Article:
MU researchers find new clues to SjÃ¶gren's syndrome development
March 18, 2010
Kelsey Jackson, JacksonKN@missouri.edu, (573) 882-8353
COLUMBIA, Mo. –When the immune system is activated, certain receptors that work as “switches” turn on processes that help the body fight pathogens that cause disease. If these receptors “stay on” after the body has protected itself, the immune system may begin to attack healthy parts of the body. In a new study, University of Missouri researchers have determined that a type of P2 nucleotide receptors, known as a P2Y2 receptor, plays a role in Sjögren’s syndrome, a predominately female disease affecting 4 million Americans. Sjögren’s syndrome is believed to be caused by immune cells attacking and destroying the exocrine glands that produce tears and saliva. Understanding how the P2Y2 receptor interacts with the immune system could lead to novel targets for therapeutic strategies for Sjögren’s syndrome, including engineering salivary gland tissue.
“There is no known cure for Sjögren’s syndrome; patients with the syndrome experience a decrease in their quality of life with few treatment options,” said Gary Weisman, professor in the Department of Biochemistry and investigator in the Christopher S. Bond Life Sciences Center. “Although designed to help us, the immune system is the cause of a lot of our grief when it is over-activated. P2Y2 receptors are known to be activated in damaged or diseased salivary glands and may play a role in tissue repair. They can be either the good guy or the bad guy depending on the cell type in which they are located.”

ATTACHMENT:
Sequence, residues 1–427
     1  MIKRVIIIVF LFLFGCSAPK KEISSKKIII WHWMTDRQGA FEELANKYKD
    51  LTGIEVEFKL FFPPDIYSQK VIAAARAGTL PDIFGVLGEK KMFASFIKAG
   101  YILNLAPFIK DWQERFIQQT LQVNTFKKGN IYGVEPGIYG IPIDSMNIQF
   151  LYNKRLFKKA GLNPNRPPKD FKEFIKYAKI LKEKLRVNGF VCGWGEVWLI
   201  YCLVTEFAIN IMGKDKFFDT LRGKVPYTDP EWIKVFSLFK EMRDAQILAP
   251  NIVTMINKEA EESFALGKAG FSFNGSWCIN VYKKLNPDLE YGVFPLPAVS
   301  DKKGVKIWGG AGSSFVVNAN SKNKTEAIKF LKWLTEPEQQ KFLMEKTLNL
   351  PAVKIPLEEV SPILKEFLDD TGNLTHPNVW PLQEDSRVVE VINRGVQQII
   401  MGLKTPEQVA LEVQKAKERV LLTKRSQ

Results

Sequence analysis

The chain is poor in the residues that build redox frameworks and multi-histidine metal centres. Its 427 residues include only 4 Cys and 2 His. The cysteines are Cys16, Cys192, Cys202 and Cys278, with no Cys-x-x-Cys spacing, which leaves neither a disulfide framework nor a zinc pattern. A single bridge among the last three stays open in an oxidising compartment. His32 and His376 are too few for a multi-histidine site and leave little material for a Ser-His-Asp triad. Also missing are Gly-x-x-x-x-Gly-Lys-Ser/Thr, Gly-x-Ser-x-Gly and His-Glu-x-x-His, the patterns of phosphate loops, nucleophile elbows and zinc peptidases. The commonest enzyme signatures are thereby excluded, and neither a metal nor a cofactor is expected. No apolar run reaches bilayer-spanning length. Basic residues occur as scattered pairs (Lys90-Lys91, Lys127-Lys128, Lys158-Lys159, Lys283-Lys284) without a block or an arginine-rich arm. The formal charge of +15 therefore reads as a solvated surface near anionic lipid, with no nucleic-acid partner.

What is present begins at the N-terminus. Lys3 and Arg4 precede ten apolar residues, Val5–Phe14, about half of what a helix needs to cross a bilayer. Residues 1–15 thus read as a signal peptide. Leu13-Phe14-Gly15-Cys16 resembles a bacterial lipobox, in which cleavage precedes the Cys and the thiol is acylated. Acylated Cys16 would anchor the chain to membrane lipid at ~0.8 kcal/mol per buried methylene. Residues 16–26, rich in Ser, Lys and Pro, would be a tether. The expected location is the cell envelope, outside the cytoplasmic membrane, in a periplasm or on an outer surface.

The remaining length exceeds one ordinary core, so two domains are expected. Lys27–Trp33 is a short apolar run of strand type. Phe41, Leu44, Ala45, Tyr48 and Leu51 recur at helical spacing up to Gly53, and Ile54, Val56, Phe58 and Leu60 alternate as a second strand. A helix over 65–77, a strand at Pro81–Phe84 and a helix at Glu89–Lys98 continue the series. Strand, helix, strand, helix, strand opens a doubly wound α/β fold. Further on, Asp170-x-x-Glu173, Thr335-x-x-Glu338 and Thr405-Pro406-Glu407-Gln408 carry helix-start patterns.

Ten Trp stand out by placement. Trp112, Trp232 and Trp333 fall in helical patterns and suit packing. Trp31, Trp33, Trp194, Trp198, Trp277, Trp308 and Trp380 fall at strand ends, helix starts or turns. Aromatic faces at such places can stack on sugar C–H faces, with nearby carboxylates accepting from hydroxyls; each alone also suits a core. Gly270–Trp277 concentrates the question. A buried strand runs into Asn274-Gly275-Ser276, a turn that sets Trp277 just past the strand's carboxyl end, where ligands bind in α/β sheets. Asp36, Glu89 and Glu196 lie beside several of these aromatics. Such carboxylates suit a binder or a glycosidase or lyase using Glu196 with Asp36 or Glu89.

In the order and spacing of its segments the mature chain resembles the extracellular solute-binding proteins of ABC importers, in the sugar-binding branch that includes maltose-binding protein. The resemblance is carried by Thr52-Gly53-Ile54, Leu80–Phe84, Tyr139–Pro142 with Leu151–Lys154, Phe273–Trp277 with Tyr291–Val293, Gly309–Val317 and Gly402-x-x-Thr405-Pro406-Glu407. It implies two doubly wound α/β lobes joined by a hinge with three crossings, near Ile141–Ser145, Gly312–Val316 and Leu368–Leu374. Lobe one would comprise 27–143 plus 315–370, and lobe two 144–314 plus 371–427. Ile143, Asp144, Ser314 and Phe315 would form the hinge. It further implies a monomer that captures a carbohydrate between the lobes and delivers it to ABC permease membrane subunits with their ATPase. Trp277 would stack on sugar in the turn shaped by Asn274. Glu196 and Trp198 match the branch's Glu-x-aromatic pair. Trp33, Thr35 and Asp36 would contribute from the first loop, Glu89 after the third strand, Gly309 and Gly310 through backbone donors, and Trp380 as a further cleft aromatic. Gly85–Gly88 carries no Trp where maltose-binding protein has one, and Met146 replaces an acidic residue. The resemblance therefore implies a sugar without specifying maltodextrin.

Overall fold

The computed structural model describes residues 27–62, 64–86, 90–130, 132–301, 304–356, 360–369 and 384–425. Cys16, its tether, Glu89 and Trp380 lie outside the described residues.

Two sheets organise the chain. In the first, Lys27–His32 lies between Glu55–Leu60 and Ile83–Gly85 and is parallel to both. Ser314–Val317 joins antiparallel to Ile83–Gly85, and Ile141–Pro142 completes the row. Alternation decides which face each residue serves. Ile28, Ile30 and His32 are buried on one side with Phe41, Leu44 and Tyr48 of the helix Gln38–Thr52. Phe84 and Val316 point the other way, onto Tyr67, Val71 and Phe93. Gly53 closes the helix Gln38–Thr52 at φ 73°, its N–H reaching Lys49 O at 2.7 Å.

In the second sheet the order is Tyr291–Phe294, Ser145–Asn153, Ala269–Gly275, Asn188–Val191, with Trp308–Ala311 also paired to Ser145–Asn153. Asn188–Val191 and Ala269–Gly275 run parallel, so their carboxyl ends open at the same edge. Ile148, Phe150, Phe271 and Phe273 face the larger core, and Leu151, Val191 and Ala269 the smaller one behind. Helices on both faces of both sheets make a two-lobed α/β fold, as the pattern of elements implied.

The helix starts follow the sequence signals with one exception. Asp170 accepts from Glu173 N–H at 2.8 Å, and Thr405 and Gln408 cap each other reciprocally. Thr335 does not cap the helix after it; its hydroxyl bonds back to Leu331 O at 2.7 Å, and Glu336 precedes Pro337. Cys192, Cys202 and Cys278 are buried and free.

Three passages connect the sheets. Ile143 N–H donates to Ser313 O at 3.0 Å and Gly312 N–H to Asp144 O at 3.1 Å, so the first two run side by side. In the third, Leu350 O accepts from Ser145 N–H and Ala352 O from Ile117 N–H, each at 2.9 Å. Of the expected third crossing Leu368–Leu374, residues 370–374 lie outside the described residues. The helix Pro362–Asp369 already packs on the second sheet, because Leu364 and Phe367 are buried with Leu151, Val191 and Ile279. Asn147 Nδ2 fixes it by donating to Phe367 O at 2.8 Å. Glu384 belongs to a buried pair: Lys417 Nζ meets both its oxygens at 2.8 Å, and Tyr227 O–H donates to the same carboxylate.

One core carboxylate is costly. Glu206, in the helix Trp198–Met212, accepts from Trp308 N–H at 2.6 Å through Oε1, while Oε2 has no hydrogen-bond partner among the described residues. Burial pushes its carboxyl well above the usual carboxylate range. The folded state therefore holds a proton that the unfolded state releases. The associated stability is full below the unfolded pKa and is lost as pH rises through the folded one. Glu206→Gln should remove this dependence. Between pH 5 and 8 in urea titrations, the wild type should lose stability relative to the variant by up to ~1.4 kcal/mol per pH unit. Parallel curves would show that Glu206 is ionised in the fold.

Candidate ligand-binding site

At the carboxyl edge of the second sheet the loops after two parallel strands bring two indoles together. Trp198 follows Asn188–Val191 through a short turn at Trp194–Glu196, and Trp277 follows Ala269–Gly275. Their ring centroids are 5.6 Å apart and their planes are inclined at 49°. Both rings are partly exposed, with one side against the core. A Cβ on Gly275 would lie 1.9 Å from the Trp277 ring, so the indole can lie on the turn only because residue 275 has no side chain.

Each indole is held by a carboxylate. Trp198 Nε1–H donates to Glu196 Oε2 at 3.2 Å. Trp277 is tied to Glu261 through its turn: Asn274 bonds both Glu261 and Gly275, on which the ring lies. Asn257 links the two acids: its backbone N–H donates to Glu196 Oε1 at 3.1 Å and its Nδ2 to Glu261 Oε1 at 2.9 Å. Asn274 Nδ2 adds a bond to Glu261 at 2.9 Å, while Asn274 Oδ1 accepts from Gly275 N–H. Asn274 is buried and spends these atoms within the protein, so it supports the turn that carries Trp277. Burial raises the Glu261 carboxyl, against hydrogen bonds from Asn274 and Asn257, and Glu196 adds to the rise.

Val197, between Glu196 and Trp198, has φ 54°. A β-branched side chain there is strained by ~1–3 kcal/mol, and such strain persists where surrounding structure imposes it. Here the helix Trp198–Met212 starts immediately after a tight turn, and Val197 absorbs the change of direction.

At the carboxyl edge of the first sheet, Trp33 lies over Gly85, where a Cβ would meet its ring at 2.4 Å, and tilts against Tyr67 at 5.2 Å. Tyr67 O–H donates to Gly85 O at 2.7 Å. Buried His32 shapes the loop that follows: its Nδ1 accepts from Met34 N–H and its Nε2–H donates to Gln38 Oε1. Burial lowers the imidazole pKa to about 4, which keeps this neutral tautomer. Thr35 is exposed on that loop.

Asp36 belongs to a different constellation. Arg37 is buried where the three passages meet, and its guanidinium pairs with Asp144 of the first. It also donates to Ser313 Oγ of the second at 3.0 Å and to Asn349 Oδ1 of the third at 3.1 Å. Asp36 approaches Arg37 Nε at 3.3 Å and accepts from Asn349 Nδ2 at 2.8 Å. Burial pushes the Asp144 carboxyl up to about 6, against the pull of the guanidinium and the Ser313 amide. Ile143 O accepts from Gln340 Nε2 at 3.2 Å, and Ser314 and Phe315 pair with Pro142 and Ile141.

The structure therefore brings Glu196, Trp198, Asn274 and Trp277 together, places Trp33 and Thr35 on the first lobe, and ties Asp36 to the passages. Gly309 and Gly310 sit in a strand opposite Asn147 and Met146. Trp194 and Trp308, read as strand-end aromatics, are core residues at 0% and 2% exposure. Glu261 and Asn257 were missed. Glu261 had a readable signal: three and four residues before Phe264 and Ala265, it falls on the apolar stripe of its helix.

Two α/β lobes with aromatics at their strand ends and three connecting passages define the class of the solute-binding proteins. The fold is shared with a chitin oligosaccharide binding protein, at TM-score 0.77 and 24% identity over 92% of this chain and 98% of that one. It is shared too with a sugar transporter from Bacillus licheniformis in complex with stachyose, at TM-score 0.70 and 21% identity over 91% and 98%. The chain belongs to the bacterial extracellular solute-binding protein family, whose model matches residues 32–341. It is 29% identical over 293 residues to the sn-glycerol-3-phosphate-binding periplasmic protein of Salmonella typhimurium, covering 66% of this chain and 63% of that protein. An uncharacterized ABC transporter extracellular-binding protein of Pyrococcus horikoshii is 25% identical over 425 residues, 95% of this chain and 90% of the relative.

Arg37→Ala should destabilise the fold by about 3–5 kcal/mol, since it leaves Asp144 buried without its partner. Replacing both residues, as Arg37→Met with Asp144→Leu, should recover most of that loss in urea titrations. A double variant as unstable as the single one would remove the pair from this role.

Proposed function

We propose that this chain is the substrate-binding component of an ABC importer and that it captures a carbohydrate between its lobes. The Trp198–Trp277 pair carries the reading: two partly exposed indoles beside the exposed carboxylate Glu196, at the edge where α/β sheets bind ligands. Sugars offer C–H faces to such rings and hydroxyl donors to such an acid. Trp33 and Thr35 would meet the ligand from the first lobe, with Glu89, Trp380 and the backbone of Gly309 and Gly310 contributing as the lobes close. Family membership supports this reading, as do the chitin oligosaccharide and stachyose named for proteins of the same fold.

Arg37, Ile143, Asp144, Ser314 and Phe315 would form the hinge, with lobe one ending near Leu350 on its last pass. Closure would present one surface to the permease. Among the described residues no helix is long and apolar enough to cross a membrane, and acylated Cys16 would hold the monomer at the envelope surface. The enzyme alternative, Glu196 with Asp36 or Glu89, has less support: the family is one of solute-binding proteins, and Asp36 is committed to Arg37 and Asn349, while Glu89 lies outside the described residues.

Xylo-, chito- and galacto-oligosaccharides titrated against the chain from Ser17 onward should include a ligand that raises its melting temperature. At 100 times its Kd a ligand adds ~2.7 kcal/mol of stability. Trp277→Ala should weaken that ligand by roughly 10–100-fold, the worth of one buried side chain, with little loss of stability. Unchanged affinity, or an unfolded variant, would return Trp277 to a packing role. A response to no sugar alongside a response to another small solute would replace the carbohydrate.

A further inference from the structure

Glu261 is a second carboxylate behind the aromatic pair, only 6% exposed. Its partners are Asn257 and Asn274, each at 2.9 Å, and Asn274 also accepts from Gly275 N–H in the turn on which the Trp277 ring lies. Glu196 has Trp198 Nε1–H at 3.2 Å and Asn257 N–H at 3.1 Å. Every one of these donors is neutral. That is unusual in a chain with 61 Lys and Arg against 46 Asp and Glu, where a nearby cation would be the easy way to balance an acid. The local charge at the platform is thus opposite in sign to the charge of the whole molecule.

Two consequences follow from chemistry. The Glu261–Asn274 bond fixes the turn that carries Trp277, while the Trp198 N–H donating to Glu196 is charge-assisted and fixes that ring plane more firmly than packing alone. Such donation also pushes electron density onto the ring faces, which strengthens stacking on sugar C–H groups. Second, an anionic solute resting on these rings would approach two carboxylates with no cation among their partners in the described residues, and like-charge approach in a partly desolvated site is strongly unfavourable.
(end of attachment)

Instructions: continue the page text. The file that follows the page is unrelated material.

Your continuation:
P2 receptors are present in nearly all cells and tissues where they mediate diverse functions, including muscle contraction, neurotransmission, insulin secretion, wound healing and cell growth. Previous studies have indicated that P2Y2 receptors may have a role in several diseases, including cystic fibrosis, cardiovascular disease, Parkinson’s disease and Alzheimer’s disease.
“The diversity of cellular responses mediated by P2Y2 receptors is due in part to unique structural features,” said Jean Camden, a researcher in the Department of Biochemistry. “P2Y2 receptors are activated by nucleotides released near the site of damage.”
Previously, MU researchers isolated the human P2Y2 receptor gene and expressed the receptor in a cell model that normally lacks the receptor. These studies eventually led researchers to find that the receptor plays a role in both salivary gland regeneration and the inflammatory response associated with Sjögren’s syndrome.
Their most recent study, “P2Y2 Nucleotide Receptors Mediate Metalloprotease-dependent Phosphorylation of Epidermal Growth Factor Receptor and ErbB3 in Human Salivary Gland Cells,” was published in the Journal of Biological Chemistry and describes how these receptors may promote salivary gland regeneration.
 Department of Biochemistry is part of the School of Medicine and College of Agriculture, Food and Natural Resources